For as important as I clearly am :-) , there are other more important people and matters he has to deal with which pile up on is desk or queue up in front of his door. No one else can take decisions, everything waits. 
Halfway through, I mentioned the fact to a colleague, who burst in laughter and told me "Do you know how much he would make just by sitting in office? 500 cedis a month" (about $350). 
I shut up.
and The comforts of daily chaos?
You also get to see all of the glorious idiosyncrasies of a workplace in which many staff are underpaid, underemployed and under-supervised. It's not a secret that many civil services manage the double act of being both understaffed and (on the whole) underworked... 
Many are expected to do an incredible amount of work for salaries that wouldn't get a European gas attendant out of bed... how many readers can really say with any certainty that they could motivate themselves to mechanically enter data into a spreadsheet for eight hours a day (the working day in much of Sub-Saharan Africa is 8:00am to 5:00pm, with an hour for lunch) for the equivalent of $100 per month – or less?

15 January 2010

Some Immigration Numbers

Wronging Rights suggest giving Haitians temporary migration rights to the US to escape the chaos. Blattman wonders about the temporary part.

How hard would it be for the US to take in Haiti?

The population of Haiti is almost 10 million people. (Legal) Immigration to the US is about 1 million per year.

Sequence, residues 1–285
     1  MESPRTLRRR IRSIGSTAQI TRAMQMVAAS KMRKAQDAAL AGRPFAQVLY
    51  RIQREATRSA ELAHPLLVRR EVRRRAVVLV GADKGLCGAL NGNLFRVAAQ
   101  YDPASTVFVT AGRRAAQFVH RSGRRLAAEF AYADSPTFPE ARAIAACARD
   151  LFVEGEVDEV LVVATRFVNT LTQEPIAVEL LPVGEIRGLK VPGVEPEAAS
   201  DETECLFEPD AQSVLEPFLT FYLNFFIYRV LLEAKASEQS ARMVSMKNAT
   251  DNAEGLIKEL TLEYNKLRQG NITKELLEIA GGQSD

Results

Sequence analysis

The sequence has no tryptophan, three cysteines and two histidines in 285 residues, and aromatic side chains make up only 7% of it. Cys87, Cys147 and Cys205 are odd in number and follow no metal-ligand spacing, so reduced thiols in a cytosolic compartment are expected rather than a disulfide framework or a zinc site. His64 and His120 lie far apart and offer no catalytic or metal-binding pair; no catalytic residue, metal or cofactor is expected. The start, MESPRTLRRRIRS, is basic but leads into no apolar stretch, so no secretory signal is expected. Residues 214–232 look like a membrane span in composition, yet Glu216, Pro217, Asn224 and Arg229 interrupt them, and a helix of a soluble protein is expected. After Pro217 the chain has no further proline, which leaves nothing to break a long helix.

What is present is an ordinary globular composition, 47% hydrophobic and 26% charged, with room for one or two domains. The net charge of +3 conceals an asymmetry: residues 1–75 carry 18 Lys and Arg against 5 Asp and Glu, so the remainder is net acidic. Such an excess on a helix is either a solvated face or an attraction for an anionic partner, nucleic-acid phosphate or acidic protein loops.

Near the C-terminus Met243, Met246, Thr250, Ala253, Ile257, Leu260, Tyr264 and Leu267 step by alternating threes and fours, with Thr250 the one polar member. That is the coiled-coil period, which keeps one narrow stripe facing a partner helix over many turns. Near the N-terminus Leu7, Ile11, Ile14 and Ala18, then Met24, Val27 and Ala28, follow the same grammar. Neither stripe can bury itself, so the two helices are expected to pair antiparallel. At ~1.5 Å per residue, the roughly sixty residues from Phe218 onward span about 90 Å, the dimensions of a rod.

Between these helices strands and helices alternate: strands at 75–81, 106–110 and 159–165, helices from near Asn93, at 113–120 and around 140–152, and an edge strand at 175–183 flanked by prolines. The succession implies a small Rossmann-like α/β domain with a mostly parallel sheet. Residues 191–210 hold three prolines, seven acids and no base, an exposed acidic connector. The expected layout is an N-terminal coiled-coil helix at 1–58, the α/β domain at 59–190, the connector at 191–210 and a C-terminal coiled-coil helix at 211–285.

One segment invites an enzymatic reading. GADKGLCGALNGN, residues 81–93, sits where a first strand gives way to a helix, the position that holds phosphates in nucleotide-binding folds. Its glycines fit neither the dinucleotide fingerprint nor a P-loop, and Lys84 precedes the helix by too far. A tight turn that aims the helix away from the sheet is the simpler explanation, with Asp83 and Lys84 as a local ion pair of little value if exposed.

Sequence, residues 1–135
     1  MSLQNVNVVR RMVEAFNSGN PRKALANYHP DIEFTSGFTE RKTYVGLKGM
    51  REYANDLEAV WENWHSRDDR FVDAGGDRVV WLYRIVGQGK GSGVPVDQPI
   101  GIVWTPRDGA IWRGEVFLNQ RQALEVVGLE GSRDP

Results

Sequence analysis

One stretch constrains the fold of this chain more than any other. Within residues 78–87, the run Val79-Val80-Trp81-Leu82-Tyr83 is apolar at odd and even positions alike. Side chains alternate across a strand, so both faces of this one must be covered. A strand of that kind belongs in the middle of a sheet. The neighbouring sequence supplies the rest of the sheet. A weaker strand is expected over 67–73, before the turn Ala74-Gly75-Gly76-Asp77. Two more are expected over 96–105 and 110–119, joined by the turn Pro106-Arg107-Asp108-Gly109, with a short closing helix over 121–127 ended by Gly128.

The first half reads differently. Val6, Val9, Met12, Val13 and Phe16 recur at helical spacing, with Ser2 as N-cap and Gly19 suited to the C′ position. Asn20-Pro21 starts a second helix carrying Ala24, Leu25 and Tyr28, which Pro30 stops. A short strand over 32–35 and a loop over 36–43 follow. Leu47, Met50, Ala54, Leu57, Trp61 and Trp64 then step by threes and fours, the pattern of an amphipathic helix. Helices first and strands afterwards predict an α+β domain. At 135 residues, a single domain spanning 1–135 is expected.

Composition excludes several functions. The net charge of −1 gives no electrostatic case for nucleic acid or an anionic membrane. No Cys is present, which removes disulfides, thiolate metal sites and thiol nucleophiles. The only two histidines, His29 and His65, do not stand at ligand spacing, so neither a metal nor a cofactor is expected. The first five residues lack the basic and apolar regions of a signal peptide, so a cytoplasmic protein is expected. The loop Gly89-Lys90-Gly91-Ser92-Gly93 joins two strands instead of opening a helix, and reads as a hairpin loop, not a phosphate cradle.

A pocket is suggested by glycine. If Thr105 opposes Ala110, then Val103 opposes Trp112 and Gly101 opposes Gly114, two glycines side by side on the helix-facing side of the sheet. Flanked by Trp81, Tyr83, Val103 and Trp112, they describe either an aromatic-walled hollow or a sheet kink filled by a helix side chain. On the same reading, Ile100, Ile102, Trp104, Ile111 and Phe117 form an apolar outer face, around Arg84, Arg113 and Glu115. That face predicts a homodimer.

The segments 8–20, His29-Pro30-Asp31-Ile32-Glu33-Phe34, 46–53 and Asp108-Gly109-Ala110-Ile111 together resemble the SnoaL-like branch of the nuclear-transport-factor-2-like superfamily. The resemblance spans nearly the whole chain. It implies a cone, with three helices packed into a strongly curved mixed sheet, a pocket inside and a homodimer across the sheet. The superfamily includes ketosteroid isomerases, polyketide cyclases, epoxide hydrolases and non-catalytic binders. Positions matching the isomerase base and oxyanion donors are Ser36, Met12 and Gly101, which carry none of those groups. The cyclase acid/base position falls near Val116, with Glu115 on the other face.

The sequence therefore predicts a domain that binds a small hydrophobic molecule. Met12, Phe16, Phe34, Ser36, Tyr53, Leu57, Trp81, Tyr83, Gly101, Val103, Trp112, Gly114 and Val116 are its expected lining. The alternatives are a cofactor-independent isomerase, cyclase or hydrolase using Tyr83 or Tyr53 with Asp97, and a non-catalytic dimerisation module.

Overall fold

How about a 10 year plan to (temporarily) double inflows and make an entire country of poor people's citizens rich?

What about Britain? How about doubling aid to Africa?

Annual British Official Development Assistance to Africa is about £1.5 billion. Currently Britain has 780,000 African immigrants (excluding South Africa), who send home somewhere between £550 and £1400 per year. So "doubling aid" to Africa would require a one-off increase of African migrants to Britain of between 1 million and 2.7 million people, compared to total annual inflows (from all countries) of 600,000.

How about a 5 year plan to (temporarily) double inflows, and permanently double British aid to Africa?

13 January 2010

Currency Conundrums

Until recently this is how many notes it took to buy a beer in Zimbabwe. The country has now moved to the dollar which has halted the runaway inflation but has drawbacks of its own. One being that nobody has any small change (a friend was apparently given lollipops instead).